How to Dig Through Frozen Dirt

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Frozen ground is an absolute bear to dig through, as anyone who has had to go through the experience will tell you. A shovel will do you little good trying to break through the frost layer, and even a pick -- while it will work -- will take quite a bit of elbow grease to get it into the softer dirt. There are a couple tricks you might try, however, to make the work easier.

Build a small charcoal fire over the area you want to dig up. Providing there are no fire hazards nearby, the fire is an effective way to soften and even melt the frost layer and thaw out the dirt beneath. This will take some time, however, and you have to watch the fire closely.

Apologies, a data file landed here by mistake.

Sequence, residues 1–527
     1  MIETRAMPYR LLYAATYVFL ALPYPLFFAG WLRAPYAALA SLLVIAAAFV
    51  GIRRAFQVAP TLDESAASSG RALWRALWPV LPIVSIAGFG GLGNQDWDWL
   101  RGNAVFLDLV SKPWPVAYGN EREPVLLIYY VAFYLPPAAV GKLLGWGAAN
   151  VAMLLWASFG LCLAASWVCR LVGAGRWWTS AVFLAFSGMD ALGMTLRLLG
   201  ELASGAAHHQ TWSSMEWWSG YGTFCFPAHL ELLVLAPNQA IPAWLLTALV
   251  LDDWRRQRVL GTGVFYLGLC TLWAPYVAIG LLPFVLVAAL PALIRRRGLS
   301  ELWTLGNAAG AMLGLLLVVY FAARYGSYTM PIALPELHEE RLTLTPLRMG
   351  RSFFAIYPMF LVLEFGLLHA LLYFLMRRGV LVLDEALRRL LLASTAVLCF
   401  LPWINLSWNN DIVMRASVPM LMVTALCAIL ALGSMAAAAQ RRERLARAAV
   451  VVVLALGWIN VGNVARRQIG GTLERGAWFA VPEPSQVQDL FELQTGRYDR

Boil several gallons of water on your stove and immediately pour the hot liquid onto the ground. Repeat this several times over the course of an hour or two to thoroughly saturate the frozen ground with hot water. This will melt through the frost layer and make the dirt easier to dig into.

Use a pick to dig through the soil once it has softened enough to allow progress. The earth will become warmer and less solid starting about four inches beneath the frost layer, at which point a shovel may become feasible.

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